Sally McKeown visits Nasen to see Recordable Bar pick up the ICT award

Recordable BarAward winner Recordable Bar: affordable and robust"It may not have the flashing lights and the thumping music or the compere no one's heard of but the Nasen Awards are still well received by the wider special needs community," said one of the speakers at the Reebok stadium in Bolton where eight awards were presented.

The Nasen Awards represent 'excellence and best practice' in books and resources for special educational needs. There are awards for children's books, academic and professional resources and materials for classroom activities. There is also a highly regarded technology award for the ICT Resource to support Teaching and Learning.

As 2011 is the National Year of Communication, it was not surprising to find that companies had focused on resources to support speech, language and communication needs.

There were four entries on the short list:

MyZone, from Inclusive Technology Limited, has large on-screen buttons and offers easy access to programs, activities and games for people with disabilities or learning disabilities  who cannot access a computer via text.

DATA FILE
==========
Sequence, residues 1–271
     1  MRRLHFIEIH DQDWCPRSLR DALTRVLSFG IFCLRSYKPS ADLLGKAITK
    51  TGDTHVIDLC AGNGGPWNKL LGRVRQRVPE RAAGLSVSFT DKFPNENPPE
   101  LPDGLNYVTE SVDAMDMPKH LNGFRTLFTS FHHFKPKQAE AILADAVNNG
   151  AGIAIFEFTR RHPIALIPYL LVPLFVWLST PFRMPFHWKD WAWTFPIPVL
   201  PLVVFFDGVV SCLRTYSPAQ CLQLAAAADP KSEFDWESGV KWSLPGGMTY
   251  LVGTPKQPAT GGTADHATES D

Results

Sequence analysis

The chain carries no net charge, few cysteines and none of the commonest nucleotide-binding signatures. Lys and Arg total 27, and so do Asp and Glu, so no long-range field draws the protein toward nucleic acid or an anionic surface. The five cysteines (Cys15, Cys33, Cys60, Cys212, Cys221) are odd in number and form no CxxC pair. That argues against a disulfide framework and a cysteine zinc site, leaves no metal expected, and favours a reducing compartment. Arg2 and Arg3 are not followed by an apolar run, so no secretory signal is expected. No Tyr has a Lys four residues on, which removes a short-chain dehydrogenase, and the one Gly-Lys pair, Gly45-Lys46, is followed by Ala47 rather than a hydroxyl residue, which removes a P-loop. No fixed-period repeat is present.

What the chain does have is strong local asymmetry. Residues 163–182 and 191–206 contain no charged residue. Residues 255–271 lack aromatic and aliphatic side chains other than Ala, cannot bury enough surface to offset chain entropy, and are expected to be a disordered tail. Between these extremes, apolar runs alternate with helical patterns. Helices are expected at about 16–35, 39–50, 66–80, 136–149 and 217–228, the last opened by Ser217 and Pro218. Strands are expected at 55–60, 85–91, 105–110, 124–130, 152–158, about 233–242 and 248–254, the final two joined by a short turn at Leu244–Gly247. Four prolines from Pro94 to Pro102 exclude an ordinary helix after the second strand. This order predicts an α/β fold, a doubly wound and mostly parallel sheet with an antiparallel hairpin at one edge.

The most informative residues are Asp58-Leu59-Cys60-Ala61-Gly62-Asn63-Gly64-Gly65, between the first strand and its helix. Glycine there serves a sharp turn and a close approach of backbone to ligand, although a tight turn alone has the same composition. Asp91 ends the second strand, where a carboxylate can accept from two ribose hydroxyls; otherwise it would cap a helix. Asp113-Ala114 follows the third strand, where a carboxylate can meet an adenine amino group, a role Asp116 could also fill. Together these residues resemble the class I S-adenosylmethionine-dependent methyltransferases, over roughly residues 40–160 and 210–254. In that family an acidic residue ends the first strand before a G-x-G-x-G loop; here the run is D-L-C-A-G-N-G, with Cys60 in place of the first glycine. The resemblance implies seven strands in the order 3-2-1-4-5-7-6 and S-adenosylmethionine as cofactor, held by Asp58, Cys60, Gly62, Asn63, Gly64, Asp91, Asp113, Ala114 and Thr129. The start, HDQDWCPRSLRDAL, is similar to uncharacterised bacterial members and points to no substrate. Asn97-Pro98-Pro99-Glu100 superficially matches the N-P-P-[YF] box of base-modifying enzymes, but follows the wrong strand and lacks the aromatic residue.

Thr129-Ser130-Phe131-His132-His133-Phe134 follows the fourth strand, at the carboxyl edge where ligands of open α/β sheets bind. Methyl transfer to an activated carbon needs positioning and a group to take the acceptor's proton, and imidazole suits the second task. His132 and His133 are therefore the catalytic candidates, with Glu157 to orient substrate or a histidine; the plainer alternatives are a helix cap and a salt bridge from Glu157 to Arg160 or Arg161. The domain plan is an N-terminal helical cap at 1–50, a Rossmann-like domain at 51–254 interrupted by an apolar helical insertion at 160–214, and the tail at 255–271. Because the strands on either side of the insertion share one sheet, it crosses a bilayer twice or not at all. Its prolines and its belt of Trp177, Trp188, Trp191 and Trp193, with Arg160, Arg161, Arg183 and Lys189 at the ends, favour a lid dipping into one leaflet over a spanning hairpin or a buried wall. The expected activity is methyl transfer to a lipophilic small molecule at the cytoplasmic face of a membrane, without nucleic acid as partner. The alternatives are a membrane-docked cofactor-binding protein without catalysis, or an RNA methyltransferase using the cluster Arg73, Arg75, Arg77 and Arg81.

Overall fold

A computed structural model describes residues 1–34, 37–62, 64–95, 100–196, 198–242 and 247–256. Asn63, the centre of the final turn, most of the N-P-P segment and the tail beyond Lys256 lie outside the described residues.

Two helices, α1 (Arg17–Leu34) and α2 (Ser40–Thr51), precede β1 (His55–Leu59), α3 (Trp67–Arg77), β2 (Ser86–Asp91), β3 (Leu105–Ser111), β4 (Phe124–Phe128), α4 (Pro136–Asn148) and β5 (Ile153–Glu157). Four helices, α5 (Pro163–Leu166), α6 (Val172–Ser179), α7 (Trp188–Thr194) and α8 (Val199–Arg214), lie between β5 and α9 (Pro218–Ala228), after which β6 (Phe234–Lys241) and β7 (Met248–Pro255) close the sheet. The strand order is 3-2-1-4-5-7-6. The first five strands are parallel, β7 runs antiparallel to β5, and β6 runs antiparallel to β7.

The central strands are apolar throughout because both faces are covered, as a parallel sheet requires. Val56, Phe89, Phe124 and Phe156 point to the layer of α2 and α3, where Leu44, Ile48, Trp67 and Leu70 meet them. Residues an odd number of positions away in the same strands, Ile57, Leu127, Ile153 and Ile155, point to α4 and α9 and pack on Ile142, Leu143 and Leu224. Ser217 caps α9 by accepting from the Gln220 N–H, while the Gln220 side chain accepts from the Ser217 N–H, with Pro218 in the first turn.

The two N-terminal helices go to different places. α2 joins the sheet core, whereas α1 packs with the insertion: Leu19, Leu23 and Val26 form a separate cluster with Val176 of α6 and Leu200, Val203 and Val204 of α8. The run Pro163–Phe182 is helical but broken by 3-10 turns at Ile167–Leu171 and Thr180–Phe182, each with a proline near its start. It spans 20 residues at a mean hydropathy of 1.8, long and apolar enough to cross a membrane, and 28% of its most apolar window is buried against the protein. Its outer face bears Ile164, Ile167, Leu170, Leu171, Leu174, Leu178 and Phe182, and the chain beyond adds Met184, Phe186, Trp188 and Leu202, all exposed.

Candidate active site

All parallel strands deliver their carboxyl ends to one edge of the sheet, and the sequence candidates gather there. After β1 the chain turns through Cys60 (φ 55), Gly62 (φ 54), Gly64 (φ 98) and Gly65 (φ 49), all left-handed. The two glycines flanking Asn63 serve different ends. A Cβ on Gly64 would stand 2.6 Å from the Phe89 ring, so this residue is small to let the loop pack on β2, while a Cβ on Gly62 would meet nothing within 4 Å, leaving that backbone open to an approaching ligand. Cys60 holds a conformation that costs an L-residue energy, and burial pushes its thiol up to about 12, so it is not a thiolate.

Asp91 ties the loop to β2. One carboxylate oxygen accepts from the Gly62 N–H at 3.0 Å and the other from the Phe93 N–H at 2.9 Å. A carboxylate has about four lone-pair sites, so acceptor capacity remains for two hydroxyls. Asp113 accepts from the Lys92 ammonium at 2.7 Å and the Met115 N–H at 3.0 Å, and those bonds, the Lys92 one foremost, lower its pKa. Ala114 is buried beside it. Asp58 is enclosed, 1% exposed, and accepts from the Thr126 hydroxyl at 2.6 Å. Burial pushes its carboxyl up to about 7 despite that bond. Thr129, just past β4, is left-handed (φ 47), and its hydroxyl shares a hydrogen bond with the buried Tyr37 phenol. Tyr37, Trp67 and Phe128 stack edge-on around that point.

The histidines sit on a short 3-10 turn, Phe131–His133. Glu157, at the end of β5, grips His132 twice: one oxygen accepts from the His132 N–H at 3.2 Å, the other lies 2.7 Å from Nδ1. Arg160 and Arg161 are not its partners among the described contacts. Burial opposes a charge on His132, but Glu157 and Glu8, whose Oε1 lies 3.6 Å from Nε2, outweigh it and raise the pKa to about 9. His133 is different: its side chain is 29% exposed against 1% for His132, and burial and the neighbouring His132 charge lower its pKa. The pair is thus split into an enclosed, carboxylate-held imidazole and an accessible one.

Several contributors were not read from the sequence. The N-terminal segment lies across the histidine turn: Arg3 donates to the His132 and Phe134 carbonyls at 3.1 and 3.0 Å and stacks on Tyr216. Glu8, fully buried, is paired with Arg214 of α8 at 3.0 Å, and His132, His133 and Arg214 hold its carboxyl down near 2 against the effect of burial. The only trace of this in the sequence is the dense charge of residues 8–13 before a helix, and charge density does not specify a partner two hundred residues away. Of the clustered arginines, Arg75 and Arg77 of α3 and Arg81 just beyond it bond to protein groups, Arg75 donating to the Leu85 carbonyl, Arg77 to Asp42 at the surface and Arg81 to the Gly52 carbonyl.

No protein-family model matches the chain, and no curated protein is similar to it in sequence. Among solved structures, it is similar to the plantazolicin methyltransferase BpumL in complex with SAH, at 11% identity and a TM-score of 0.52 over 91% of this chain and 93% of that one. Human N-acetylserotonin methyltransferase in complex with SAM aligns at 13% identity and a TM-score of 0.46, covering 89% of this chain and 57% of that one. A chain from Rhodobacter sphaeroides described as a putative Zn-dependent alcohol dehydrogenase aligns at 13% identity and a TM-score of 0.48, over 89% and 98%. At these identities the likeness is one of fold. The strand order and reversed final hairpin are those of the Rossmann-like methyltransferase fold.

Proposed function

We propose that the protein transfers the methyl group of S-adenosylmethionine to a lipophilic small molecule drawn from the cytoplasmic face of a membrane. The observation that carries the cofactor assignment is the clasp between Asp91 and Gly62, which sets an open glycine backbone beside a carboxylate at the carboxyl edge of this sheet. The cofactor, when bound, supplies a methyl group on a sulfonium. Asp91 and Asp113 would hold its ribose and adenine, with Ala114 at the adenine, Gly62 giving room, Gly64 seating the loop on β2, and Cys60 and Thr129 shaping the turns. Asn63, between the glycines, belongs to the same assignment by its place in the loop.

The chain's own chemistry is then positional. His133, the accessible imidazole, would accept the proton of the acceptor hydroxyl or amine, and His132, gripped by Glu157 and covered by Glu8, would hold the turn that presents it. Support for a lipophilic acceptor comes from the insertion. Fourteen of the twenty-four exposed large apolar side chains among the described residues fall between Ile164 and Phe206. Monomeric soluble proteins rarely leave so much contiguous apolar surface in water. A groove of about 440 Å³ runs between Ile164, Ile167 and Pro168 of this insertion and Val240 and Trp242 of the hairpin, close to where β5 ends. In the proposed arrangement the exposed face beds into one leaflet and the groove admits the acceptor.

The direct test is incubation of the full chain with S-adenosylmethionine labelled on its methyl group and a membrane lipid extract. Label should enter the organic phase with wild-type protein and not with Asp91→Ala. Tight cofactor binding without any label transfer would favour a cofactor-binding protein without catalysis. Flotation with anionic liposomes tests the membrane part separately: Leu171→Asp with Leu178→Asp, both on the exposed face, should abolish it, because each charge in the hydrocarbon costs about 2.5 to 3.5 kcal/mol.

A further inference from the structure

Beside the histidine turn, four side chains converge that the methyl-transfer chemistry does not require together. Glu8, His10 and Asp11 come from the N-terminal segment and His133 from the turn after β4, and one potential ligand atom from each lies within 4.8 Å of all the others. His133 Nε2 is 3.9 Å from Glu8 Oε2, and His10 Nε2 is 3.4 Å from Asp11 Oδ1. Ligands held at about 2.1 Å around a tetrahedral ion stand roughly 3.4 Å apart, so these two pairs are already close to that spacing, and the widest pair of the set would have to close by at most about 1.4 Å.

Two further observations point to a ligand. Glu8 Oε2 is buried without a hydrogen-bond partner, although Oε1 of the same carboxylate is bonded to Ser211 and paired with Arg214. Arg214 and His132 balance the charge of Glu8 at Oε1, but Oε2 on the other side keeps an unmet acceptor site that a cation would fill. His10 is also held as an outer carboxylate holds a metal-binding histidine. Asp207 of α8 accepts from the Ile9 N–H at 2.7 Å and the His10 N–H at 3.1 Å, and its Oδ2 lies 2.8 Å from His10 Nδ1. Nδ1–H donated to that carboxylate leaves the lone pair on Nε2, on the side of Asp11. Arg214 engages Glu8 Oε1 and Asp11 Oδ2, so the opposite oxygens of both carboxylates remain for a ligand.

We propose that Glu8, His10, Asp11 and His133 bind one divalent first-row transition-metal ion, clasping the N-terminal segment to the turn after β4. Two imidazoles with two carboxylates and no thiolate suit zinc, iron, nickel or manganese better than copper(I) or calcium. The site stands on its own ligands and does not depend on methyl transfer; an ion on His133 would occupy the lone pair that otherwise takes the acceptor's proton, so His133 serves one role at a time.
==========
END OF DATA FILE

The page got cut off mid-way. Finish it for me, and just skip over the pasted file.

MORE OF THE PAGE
Sound Shuffle, from TTS Group, was created by Carol Allen, advisory teacher for ICT and special needs in North Tyneside. It is a brand new device with a record and playback function for creating stories, sequencing and sound effects.

Logan Proxtalker was created by Glen Dobbs for Logan Technologies. It is an assistive communications device that will let anyone who uses picture exchange (PECS) communicate easily. The ProxTalker uses sound tags so users can call up previously stored vocabulary to make sentences which are then spoken out.

But the winner was Recordable Bar/Story Sequencer from TTS Group. This costs a mere £17.50 and is a robust tool which can be used by individuals or groups. There are six large buttons on the front which could have pictures or symbols. Children or teachers can slot in their own images or words and then record a 10 second message for each slot.  It is great for turntaking and can be used to create talking stories, or question and answer games or picture/ word matching exercises. Use it for a visual timetable or as an audio timetable for children with a visual impairment.


Sally McKeownSally McKeown is a freelance writer and is an expert in special needs and inclusion

Add comment

Security code